18 March 2013 22:36 [Source: ICIS news]
HOUSTON (ICIS)--The US Chemical Safety Board (CSB) has scheduled a meeting for 24 April to consider and vote on a disputed worker-fatigue prevention recommendation made by two committees following the 2005 BP refinery explosion in ?xml:namespace>
At issue before the board will be recommendation RP 755, with the CSB staff saying the recommendation makes a contribution to chemical safety by explicitly stating that “workplace fatigue is a risk to safe operations” and suggesting measures to manage fatigue risks, according to the CSB meeting announcement.
However, the CSB staff determined that RP 755 does not fully meet the intent of the CSB’s recommendation in “multiple important aspects”, according to the announcement, and the staff urged the board to designate the status of RP 755 as “Open-Unacceptable Action” and for further improvements to be made to the standard.
Following the BP refinery explosion, which resulted in 15 deaths and 180 injuries, a CSB investigation determined that worker fatigue played a critical role in the tragedy.
The CSB recommended that the American Petroleum Institute (API) and the United Steelworkers union (USW) jointly develop guidelines for fatigue prevention, along with the participation of other relevant stakeholders.
But the USW dropped out of the process in 2009, protesting what it said was an imbalance in the number of management members on the committees compared with union and other representatives.
The API continued on with its work, and RP 755 was developed in 2010 under the procedures established by the American National Standards Institute (ANSI).
But according to a 10-page draft summary of the CSB staff’s evaluation of RP 755, the recommendation was not an effective consensus process due to the withdrawal of the union and therefore does not constitute a tool that multiple stakeholders in the industry can “own”. There also was limited direct participation by members of other sectors outside of the refinery and petrochemical industries, the staff said.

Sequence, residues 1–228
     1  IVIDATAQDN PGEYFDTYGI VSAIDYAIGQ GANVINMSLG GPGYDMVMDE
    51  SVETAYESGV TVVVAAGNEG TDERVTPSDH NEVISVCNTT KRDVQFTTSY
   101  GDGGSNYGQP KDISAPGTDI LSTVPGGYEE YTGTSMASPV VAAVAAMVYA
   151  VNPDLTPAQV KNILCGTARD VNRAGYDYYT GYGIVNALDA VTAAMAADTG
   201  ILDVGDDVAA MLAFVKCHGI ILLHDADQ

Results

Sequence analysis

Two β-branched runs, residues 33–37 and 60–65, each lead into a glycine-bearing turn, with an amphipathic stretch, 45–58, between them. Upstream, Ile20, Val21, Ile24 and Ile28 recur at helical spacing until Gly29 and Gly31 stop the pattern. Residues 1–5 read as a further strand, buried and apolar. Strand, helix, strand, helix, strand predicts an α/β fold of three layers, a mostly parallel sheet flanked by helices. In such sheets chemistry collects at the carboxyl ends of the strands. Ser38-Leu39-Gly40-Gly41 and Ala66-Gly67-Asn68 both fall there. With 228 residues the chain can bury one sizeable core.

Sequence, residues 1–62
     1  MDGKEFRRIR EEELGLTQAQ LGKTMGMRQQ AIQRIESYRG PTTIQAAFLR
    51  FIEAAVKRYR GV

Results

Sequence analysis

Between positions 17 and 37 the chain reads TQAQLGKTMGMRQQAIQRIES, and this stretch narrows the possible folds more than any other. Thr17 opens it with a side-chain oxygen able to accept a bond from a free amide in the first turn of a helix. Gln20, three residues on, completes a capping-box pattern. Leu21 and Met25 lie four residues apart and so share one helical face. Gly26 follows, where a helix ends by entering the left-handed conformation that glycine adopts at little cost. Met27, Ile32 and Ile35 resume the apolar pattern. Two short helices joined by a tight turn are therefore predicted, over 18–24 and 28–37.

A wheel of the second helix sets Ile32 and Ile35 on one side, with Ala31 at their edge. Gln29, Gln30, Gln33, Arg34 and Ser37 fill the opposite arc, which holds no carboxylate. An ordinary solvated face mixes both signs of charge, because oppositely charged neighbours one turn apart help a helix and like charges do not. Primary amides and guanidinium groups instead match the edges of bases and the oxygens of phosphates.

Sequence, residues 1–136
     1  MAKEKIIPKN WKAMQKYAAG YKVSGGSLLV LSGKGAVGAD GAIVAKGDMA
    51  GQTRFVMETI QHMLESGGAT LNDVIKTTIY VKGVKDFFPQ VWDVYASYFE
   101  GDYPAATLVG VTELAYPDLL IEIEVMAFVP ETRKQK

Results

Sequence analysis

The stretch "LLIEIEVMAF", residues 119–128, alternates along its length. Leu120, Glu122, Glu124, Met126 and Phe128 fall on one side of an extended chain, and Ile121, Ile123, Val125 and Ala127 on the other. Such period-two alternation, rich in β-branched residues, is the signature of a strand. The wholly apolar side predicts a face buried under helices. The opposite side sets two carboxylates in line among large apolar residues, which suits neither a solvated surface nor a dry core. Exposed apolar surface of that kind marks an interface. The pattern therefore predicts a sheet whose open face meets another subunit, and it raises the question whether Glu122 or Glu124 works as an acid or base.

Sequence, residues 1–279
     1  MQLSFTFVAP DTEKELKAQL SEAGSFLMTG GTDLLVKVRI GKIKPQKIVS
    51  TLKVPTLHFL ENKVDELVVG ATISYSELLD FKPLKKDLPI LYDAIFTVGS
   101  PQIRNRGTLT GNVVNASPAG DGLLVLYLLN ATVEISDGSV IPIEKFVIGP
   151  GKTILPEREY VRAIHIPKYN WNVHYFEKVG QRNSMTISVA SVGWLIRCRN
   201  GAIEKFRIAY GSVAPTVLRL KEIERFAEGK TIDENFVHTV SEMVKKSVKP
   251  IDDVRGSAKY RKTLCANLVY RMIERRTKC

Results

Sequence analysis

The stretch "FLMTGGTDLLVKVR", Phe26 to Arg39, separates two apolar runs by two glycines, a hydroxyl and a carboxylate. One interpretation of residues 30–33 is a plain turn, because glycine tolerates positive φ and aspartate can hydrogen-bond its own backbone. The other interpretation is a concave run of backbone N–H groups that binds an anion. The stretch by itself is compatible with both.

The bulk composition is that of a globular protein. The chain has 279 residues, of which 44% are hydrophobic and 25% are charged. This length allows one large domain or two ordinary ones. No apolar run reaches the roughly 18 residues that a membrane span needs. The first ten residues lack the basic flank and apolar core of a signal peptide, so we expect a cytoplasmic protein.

The CSB staff also found that RP 755 makes use of the world “should” statements for management action instead of “shall”. Standard practice is for “shall” statements to be minimum expectations and “should” statements to be suggestions, the staff said in its evaluation.
Also, the CSB staff found that RP 755 places undue emphasis on “soft” or “personal” components of fatigue control, such as self-evaluation by employees, evaluation by supervisors and training and education, without supporting scientific evidence of their efficacy.
Finally, RP 755 calls for limits on hours and days at work, but the CSB staff said the limits are generally more permissive and less protective than those suggested by current scientific knowledge.
The CSB is encouraging public comment about RP 755 through 12 April.
Additional reporting by Al Greenwood
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